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Juiced about prospects in cold-pressed sales

Entrepreneur's Juice Dr. makes 100 percent organic drinks

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Philadelphia Inquirer

Frank Leto has changed course from his carnivorous teen years, now finding culinary excitement in a glass.

Leto blends and then presses kale, cucumber, spinach, lemon, apple and ginger into drinkable form in a tiny commercial kitchen in suburban Philadelphia. The entrepreneur came to this dietary conversion while living at a Tibetan Buddhist meditation center in Berkeley, Calif., where the menu was vegetarian.

More surprising, perhaps, is that Leto has staked a new business on it as the consumer market is saturated with juices and approaching a high-water mark for the cold-pressed type his Juice Dr. is producing.

In 2012, Barron’s called it a national movement fueled by wellness-oriented millennials. By some estimates, the cold-pressed juice industry had grown to $100 million by last year — just as Juice Dr. was launching the first of three green drinks. More juices are to follow in this month.

But comparing Juice Dr. with other juice companies would miss the point, Leto said.

“I call us a health company, not a juice company,” said the 30-year-old, sporting business casual — flip-flops and shorts, his hair gathered in a ponytail. “The juice is our tool.”

Juice Dr. makes 100 percent organic drinks, each 11-ounce bottle one day’s serving of primarily locally sourced fruits and vegetables. They are sold on a subscription basis and delivered to homes and businesses, or are available for pickup from the company’s headquarters and kitchen.

Free access to a health coach is available to all customers through www.juicedr.org.

The drinks were first available in January 2015 at three HubBub Coffee shops, a startup led by Drew Crockett, with direct-to-consumer service added two months later throughout Philadelphia and its suburbs.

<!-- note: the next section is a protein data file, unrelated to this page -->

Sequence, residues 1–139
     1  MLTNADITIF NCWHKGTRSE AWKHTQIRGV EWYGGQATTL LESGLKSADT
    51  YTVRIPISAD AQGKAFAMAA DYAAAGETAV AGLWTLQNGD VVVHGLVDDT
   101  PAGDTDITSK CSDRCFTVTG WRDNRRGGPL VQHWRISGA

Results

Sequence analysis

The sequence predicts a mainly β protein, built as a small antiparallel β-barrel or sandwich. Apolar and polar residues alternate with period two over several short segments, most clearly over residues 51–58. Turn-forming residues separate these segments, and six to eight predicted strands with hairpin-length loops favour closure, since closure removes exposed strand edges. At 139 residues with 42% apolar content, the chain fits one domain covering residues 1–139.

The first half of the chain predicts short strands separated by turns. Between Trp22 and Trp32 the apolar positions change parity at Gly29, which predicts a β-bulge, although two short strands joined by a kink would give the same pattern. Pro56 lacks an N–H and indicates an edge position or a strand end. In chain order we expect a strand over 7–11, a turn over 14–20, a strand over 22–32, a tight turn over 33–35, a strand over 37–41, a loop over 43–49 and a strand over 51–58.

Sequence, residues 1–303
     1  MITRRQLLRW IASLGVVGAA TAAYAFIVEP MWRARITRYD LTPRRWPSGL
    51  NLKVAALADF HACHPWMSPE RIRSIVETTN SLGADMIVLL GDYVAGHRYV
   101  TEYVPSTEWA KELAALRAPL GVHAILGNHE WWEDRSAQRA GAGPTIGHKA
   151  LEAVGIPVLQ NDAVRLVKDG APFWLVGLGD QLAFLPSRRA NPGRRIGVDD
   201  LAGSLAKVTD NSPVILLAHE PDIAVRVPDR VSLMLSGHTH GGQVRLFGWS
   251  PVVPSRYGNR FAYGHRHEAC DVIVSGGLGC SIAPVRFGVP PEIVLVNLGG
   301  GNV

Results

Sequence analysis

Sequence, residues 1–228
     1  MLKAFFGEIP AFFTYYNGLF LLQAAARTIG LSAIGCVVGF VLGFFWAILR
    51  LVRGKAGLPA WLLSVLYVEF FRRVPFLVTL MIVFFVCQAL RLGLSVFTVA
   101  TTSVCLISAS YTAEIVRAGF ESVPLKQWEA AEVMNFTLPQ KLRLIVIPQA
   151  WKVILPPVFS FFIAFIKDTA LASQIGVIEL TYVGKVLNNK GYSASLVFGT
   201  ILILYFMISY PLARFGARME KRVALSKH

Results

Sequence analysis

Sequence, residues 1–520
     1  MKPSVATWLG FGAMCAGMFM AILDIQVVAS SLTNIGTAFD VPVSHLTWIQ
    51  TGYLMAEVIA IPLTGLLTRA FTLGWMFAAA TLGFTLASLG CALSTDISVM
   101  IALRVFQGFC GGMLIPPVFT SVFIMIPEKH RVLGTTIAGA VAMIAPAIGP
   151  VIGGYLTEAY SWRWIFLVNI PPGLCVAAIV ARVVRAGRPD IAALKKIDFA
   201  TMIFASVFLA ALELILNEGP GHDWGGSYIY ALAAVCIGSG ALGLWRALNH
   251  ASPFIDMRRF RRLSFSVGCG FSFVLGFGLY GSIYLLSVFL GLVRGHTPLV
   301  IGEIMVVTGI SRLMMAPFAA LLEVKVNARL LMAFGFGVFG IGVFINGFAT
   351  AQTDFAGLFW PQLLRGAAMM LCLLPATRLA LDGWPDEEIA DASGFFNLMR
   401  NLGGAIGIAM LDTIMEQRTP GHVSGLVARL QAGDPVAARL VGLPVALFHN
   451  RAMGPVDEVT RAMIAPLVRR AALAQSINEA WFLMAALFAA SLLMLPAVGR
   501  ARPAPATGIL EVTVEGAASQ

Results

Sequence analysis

“The pairing is brilliant,” Crockett said of HubBub’s work with Juice Dr., an effort intended to “round out” his customers’ dining experiences. They are working on a line of snacks, as well.

“The issue historically is that there is a disconnect between what customers are looking for and the options available in the coffee-bar segment, traditionally carbohydrate-heavy options,” Crockett said.

With six employees, all of whom are health coaches or nutritionists, Juice Dr.’s revenue has exceeded $20,000 a month, Leto said. He envisions annual sales reaching $100 million within five years, aided by kitchens throughout the country enabling localized delivery of fresh, nonpasteurized juices with shelf lives of just days.

Profitable, Juice Dr. has 100 to 150 subscription customers. A two-week trial costs $40 to $80, depending on the number of juice days, after which each client personalizes a program.

Started with $75,000 — $55,000 of which came from friends and family, the rest from Leto himself — Juice Dr. is closing on its first round of outside fundraising, he said, declining to disclose details.

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